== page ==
The performances on the film are generally just ok. I don't see any of the actors portraying the Rangers getting further work because of this film as they don't really push the boat out with their performances but they also don't make fools of themselves either. RJ Cyler's character probably required the most acting from him and he did a pretty nice job. I thought it was an interesting choice to make the character autistic and it was pretty refreshing to see. The performances from Montgomery, Scott and Lin were not very memorable, they were pretty basic. Becky G doesn't have much acting experience at all which explains why she is probably given the most simple role. Her character does actually explore representations of the LGBTQ+ community but it is only a very small hint that could be interpreted in different ways. Her character is the typical moody teenager. As a team, the group work well together and I did believe their chemistry once they finally were capable of suiting up. However, the biggest star power (leading) in the film is probably Elizabeth Banks who plays the villain - Rita Repulsa. Not only is Rita Repulsa my favourite character in the entire film but Banks' performance was probably my favourite. Now, I did laugh every time the character was on screen so I don't know whether that was a good or bad thing but I did find the villain scary, threatening yet funny. Her lines were campy, eccentric and over the top but that made her all the more great. Banks proves to be diverse and a great character actor. 

Power Rangers is supposedly an action film but surprisingly, it really lacks action. There isn't a full length action sequence until the final 20 minutes. There are snippets of action packed moments but they are executed quite half-heartedly and aren't anything substantial or memorable (e.g when they are training). I really think Power Rangers needed more action. The final action sequence was alright but not strong enough. After being deprived of action for 100 minutes, when the big finale is only 20 minutes long, it's a little bit disappointing- luckily, my screening was free or else I would be complaining as audiences are surely paying to see Power Rangers? Not a teen drama. The megatron was pretty cool but looked just like a Transformer - I don't really know how these robots can distinguish themselves from the other big screen ones - especially when the Transformers are literal box office monsters.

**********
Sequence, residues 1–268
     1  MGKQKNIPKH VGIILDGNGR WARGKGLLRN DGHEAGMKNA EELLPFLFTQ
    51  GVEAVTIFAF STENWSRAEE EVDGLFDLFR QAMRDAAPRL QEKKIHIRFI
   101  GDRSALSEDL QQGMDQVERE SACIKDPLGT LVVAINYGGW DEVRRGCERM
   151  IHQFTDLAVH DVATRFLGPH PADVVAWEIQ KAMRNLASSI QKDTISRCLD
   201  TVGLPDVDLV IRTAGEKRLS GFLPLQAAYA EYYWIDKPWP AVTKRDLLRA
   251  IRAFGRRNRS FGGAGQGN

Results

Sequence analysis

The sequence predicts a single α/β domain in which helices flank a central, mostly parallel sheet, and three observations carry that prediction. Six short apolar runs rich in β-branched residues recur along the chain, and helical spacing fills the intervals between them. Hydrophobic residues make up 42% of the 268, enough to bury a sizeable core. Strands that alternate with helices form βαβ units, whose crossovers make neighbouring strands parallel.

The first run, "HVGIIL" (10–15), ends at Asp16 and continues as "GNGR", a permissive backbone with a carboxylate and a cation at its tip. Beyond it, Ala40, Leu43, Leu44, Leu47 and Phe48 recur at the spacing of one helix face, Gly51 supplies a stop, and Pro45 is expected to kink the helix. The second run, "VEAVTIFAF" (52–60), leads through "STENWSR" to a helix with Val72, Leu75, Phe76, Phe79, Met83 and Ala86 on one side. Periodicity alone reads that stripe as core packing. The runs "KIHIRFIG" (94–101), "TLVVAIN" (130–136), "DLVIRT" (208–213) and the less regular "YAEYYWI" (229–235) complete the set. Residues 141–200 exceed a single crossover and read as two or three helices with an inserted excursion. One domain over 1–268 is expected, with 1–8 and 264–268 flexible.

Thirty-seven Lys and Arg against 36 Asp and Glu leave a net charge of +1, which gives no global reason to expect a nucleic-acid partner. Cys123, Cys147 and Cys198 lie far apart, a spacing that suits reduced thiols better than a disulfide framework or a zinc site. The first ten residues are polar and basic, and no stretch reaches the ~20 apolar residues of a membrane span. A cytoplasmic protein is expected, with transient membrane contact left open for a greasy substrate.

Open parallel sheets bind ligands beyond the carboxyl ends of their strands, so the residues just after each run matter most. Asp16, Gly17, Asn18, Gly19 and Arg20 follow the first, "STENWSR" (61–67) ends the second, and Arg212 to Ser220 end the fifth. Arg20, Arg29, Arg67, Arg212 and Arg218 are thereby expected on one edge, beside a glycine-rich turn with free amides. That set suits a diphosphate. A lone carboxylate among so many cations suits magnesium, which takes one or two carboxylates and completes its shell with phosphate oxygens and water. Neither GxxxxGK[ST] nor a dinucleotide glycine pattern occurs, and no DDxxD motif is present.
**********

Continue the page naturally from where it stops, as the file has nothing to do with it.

I suppose one reason to see this film is for the nostalgia. I did watch Power Rangers as a kid and did enjoy it - Red was my favourite. However, I wouldn't say it was a huge part of my childhood - more of a phase. The original theme tune does play towards the beginning of the final action sequence and I have to say, I cringed - that's partly down to the theme being cheesy but it also felt incredibly old fashioned in comparison to the super modern take on Power Rangers that this film was. You would have to ask a super-fan whether they liked it but I honestly didn't. The 'It's Morphin Time' moment was also pretty cheesy but it kind of had to be there. I think this film will be nostalgic for super-fans but I honestly think they will get annoyed by the ridiculous product placement. On the other hand, I think there isn't enough action for tweens and children so I don't know if this is for them. Power Rangers doesn't really have an audience because it has no idea what it wants to be - it's very uneven.

YA adaptions may have died out and Lionsgate were the Kings of the genre so they are trying to kick off a new craze with rebooting Saturday morning shows - If those remakes end up like this, I don't really think they're going to find an audience. Unfortunately, Power Rangers isn't nostalgic enough for old fans but isn't exciting enough for new ones. The Krispy Kreme references are absurd and so is the lack of action. The visual effects are cool enough but that doesn't save a cliche and unoriginal story. The acting is decent enough but Elizabeth Banks' Rita Repulsa definitely steals the show - it's over-the-top and silly but isn't that what a Saturday morning cartoon villain is like? This reboot should have been much more sophisticated film but instead we got a product of commercialism that will not stand the test of time. Simply put, it's dumb but at the same time pretty fun.